Does this sound familiar? Your organization wants a new phone system, but your purchasing process gets in the way. And all too often, you keep pushing off that upgrade.
Identifying and selecting vendors can become an elaborate process. You might need to put together an RFP or RFI to gather bids for your next VoIP phone system. It can be daunting, but it doesn’t have to be.
At Nextiva, we help companies of all sizes adopt business communication solutions. In doing so, we’ve seen our fair share of RFPs for all kinds of VoIP projects. Everything from typical desk phones to robust SIP trunks to virtual call centers.
To give you a head start, we’ve put together an extensive guide to help you navigate the VoIP purchasing process. Plus, we developed free templates you can download and use!
If you’re involved in the selection of a new phone system, you’ll enjoy our straightforward guide. No matter if you’re a purchasing agent, work in government, or gathering formal bids for VoIP, this guide is for you.
Download free RFI and RFP Templates for VoIP
To help you out, we’ve put together these free RFI and RFP templates. Download and use them to make your phone system upgrade a success.
What are VoIP RFPs and VoIP RFIs?
Organizations use two types of documents to assess potential vendors against their needs. The first is a Request for Information (RFI), which is used earlier in the buying process. The second is a Request for Proposal (RFP).
RFIs and RFPs each serve a unique purpose to empower stakeholders to make decisions. We’ll focus on how you can use these to identify and select the ideal VoIP system for your company.
VoIP Request for Information (RFI)
An RFI is a document used earlier in the buying process.
A customer lays out a high-level view of the issues they’re looking to solve. It lets potential providers describe how their service solves the problem. It serves as an opportunity for a vendor to understand the customer’s industry.
Some customers send RFIs to many possible providers to narrow down their picks to just a few. With those few, they then ask them to respond to an RFP.
VoIP Request for Proposal (RFP)
An RFP is a document interested providers fill out to pitch their solutions.
Customers craft an RFP document and request potential service providers to complete it. Organizations use RFPs to follow strict procurement processes or have many decision-makers. An RFP aims to surface answers about the procurement of any new vendors.
Overview of Voice over Internet Protocol (VoIP)
VoIP lets you make and receive calls over the internet. Calls can take place anywhere an internet connection is available, including over Wi-Fi. VoIP providers establish connectivity between parties using digital signals.
VoIP phone service is location-agnostic, unlike traditional copper landlines. VoIP exists in many forms for a company to consider. Solutions include business phone service, SIP Trunking for IP PBXs, virtual call centers, and more.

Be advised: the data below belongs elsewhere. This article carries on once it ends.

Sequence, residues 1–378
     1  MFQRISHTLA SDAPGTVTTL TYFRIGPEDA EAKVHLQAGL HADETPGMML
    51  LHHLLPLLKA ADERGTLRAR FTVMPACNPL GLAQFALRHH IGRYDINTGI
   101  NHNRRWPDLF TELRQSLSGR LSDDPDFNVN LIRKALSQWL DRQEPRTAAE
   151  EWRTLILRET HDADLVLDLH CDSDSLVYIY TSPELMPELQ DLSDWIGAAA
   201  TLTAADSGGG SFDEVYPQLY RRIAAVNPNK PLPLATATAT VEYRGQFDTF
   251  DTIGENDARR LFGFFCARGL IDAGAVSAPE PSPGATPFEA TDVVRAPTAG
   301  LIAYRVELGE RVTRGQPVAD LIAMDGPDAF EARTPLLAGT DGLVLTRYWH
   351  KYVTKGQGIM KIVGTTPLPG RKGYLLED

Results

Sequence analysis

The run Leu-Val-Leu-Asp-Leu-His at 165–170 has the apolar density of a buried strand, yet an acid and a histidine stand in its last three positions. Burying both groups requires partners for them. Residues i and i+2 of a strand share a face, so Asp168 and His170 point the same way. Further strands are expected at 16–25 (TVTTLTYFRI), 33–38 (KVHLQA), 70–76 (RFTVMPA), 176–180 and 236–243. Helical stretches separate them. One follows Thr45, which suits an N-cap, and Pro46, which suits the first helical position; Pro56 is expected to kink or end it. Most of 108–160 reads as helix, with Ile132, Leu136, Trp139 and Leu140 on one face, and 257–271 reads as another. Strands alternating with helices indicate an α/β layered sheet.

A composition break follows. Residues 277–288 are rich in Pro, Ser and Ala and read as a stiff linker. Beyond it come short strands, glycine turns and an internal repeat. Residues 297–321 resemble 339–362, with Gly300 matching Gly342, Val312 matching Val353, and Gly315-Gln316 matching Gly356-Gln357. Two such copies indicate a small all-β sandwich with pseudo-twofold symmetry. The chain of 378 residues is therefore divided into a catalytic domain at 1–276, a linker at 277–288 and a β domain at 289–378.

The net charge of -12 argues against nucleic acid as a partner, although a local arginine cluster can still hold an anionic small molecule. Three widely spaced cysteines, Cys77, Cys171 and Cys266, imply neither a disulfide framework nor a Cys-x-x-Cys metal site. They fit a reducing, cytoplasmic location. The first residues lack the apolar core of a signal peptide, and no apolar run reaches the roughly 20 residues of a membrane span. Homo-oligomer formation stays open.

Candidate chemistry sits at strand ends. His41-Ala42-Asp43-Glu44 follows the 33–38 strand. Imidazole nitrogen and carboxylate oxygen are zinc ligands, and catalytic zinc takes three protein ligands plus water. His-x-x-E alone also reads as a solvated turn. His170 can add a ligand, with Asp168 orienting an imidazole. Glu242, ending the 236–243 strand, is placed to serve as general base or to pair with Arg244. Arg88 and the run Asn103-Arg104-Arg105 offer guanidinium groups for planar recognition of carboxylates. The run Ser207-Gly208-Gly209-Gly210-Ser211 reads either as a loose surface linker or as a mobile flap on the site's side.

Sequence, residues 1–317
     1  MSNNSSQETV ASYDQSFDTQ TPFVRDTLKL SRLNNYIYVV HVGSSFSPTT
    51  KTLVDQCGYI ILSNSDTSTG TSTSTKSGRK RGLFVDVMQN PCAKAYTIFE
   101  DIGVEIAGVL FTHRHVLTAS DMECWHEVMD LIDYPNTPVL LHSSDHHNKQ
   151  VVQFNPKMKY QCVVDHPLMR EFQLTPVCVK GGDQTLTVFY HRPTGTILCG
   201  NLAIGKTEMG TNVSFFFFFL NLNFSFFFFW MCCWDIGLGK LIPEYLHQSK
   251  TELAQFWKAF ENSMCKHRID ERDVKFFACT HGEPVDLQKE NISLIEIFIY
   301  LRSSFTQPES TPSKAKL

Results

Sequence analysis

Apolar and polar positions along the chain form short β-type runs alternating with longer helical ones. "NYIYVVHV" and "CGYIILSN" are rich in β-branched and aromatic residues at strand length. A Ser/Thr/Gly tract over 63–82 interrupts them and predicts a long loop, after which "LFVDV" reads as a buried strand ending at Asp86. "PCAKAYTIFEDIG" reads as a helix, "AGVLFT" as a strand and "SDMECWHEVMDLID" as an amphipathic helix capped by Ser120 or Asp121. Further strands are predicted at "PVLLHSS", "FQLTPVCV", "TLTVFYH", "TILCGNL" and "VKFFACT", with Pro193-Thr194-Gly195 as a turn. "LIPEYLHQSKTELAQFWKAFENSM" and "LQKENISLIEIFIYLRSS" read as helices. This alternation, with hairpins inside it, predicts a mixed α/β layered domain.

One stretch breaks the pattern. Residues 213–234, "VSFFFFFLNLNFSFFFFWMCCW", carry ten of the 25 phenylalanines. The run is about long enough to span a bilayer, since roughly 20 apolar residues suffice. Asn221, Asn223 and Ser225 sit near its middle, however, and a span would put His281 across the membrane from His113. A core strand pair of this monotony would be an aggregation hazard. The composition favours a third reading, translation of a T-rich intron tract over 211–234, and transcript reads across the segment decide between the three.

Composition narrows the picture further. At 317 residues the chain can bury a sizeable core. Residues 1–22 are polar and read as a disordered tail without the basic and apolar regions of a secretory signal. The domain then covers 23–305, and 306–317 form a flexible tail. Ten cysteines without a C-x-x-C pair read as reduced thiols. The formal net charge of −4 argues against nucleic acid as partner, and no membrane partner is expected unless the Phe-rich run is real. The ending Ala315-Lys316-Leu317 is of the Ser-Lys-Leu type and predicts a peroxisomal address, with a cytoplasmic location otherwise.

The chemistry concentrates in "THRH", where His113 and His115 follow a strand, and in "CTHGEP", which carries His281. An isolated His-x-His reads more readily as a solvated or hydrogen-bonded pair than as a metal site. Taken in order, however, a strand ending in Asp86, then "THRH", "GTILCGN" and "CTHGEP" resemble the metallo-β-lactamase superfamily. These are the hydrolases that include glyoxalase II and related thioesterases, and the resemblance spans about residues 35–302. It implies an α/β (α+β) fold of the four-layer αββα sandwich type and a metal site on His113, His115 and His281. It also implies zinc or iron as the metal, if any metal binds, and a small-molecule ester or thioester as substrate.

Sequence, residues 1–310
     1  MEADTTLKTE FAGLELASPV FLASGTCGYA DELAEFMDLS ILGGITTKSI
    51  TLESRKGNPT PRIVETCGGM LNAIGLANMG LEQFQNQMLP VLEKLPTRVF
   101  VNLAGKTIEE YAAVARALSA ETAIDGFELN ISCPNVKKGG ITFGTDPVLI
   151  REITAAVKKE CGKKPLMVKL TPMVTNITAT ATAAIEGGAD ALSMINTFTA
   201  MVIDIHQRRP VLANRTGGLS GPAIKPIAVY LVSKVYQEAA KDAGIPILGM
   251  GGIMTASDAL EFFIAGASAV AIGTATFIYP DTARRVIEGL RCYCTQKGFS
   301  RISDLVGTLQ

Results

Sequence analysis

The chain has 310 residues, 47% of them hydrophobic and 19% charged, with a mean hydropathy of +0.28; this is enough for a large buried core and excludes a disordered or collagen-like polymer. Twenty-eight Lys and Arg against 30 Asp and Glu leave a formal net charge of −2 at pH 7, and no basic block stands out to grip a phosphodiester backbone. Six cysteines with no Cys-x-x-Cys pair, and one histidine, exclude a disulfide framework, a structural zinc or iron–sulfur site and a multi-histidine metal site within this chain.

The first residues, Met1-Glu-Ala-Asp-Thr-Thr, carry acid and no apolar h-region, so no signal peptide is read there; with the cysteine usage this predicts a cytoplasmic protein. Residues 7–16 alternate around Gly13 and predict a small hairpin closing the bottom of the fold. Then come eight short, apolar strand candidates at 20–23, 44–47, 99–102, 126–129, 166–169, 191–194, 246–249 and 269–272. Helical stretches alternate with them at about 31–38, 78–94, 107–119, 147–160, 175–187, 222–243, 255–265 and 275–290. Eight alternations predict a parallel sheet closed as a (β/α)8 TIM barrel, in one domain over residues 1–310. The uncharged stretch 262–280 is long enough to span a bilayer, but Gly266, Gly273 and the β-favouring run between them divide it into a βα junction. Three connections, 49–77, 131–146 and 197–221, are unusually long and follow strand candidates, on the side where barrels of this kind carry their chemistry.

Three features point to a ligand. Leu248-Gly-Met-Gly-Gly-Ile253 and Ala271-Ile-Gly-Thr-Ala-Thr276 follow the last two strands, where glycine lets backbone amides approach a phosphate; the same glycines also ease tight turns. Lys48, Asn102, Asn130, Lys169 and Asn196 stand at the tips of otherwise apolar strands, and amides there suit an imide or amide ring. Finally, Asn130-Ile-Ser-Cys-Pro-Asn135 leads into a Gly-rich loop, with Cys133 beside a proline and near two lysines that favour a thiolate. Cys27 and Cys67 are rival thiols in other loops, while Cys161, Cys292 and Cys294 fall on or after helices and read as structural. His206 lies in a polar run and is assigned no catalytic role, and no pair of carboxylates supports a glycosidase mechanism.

Voice over IP brings a company’s telephony into the digital era. It functions as a cloud PBX with many features and is more cost-effective than landlines.
On-premises PBX phone systems don’t offer the flexibility and unified messaging needed today. Today’s VoIP solutions offer unmatched performance compared to traditional landlines over the PSTN.
VoIP Request for Information (RFI)
When you need a VoIP RFI
Replacing your phone service takes a lot of thought, time, and effort. You need a VoIP RFI when you’re kicking off the exploratory process. If you don’t have much experience with the ins and outs of VoIP, you’ll gain a lot from a VoIP RFI.
An RFI allows you to ask a broad range of potential suppliers. It’s a great way to describe your communication needs. When you ask many questions, you’re interviewing long-term partners. Pricing aside, it lets you confirm their solutions will meet your needs.
Answers from prospective vendors will give you an idea of the market and help you shorten the list.
Ideally, the RFI can also help identify which companies can meet your requirements. It lets them differentiate themselves in providing unified communications services.
What to include in a VoIP RFI
When a company crafts an RFI to explore the VoIP services available, there is a lot to consider.
The exact format of an RFI will vary depending on the size and scope of a project. Common elements found in a VoIP telephone system RFI, include:
- Company information like size, areas of operation, and competitors
- Pricing models (monthly subscription, annual subscription, paid in advance or arrears, methods of payment)
- Hours of operation and support availability
- A list of features that have caught your interest: auto-attendant, group paging, intercom capabilities, conference calls
- Softphones, or mobile apps
- Call center or contact center functionality
- Issues that you are looking to resolve by changing providers
- Desired contract terms and requirements
- Compliance requirements (HIPAA, PCI, CCPA, etc.)